SCOTTSDALE, AZ - While the PGA Tour only uses the TPC of Scottsdale for one week, the Stadium course maintains top-notch playing conditions for most of the year.
"What's unique about the TPC of Scottsdale is people think we're only in tournament condition around the Phoenix Open, but you can play Phoenix Open conditions nine months out of the year," said Russ Norris, Director of Marketing, about the par-71 championship course that will be hosting the Open January 21-27.
The added beauty of the Stadium course is its playability. Just ask Mark Calcavecchia who set PGA Tour records during the 2001 Phoenix Open for the most birdies in a 72-hole tournament (32) and the lowest four-round total of 28-under par 256 total, breaking the 46-year-old mark held by Mike Souchak, en route to winning his third title in this event.
The superb condition, along with the 27 Tour pros who call the course home, its elite practice facilities (that also houses the Nicklaus / Flick Game Improvement clinics) and the warm winter weather, help bring the top golfers out to the desert each year.
"They talk it up amongst themselves and that's why we get a great turnout," Norris said.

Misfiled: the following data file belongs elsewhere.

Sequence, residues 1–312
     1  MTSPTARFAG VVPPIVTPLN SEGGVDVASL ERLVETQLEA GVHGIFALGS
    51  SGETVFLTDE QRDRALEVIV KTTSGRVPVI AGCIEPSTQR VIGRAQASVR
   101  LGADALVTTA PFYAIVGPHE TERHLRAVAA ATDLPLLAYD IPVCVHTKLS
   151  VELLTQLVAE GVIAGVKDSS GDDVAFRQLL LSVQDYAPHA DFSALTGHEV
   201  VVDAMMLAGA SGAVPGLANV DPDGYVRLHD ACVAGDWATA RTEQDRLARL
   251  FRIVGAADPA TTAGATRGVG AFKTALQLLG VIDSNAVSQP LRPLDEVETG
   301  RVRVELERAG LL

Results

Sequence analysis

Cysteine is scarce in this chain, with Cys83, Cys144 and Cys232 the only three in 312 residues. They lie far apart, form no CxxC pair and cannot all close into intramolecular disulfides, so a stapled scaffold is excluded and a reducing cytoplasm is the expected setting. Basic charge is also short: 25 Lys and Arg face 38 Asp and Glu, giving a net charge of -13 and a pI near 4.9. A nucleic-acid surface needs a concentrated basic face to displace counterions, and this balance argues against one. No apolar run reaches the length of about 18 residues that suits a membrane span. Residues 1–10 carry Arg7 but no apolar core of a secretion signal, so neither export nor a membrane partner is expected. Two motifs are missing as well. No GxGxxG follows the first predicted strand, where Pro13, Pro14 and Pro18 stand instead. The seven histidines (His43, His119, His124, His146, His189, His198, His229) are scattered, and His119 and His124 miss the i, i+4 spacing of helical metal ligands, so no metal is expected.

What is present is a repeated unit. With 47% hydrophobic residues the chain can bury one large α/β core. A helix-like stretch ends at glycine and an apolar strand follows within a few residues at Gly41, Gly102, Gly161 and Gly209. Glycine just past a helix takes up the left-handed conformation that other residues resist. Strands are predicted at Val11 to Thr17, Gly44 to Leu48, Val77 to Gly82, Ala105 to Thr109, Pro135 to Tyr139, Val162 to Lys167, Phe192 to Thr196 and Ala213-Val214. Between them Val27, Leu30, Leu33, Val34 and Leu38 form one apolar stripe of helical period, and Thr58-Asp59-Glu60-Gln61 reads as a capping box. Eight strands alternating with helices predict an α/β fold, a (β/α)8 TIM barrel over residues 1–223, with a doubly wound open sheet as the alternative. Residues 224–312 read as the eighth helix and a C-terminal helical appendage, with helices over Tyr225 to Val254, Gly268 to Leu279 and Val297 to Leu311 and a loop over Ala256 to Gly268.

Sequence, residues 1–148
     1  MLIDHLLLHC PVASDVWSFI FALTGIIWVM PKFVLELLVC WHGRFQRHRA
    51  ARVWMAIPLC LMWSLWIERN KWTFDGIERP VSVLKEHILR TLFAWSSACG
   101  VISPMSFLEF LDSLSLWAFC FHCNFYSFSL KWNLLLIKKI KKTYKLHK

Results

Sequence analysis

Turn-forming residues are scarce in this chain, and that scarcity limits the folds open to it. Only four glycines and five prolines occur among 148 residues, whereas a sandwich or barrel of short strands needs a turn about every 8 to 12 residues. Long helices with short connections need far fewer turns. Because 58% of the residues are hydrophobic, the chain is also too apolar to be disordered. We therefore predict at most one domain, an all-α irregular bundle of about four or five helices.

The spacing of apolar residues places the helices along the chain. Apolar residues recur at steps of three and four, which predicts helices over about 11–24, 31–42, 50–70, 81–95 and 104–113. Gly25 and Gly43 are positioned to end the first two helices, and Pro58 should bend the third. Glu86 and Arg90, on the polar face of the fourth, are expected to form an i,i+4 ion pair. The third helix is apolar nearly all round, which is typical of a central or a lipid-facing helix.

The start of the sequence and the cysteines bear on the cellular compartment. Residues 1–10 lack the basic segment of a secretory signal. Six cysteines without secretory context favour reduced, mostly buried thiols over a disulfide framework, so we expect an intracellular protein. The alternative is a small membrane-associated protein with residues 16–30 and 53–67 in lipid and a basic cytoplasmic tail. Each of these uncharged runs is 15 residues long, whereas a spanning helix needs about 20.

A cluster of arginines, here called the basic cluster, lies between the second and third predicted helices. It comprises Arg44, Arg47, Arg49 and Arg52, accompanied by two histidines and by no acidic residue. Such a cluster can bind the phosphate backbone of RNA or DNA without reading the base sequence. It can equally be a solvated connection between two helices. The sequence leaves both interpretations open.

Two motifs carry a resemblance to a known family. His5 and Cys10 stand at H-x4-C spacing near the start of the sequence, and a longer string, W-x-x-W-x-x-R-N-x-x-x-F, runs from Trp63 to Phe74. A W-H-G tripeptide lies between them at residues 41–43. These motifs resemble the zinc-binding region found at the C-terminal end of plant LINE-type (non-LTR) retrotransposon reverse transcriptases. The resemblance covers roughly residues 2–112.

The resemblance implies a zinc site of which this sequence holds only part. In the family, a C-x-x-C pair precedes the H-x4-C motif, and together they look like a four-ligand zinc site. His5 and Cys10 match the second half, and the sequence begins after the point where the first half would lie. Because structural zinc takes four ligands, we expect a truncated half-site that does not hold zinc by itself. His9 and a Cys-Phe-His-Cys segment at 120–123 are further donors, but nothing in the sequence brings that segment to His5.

The Phoenix Open also hosts the most spectators of any golfing event in the world. More than 400,000 attendees spend some time at the course that was built in the TPC's stadium design for the purpose of hosting the Phoenix Open just like its sister course, the TPC at Sawgrass in Ponte Verda, Florida.
"The reason we draw such large crowds is because we don't limit ticket sales," Norris said. "It was designed with mounds all over the course to create a natural bleacher setting."
The mounding also creates some awkward shots for the golfers who play around 50,000 rounds a year on the course. While Tom Weiskopf and Jay Morrish built the course in the middle of the once barren Sonoran desert in 1986, the natural terrain of the area doesn't come into play much. There are plenty of carries over the desert from the tee box, but little desert on the course that measures 7,089 yards from the back tees (with three other sets ranging from 6,508 to 5,455 yards).
"Being a desert course, it's not target golf and pretty friendly," Norris said. "It's more parkland or links-style vs. desert target."
The real problem surrounds the fairway.
"Stay out of the rough," Norris said. "It's four inches now and will be six for the Open." Once the tournaments over, though, they cut it back down gradually to help with the speed of play.
The rough isn't the only hindrance in trying to break Calcavecchia's record. The difficulty of the course "depends on your handicap and where you play from as to where you're going to end up," Norris said. "It's different from the tips, from the whites and the ladies. It's truly different and you can get in trouble easy."
Trouble comes in the form of 72 bunkers that are deep and strategically placed in the fairways and around the greens that are rather large, but feature many tricky twists and turns and run fast. Desert vegetation- such as saguaro cacti, mesquite and Palo Verde tree - are scattered about the course and water comes into play on six of the holes, including three of the last four.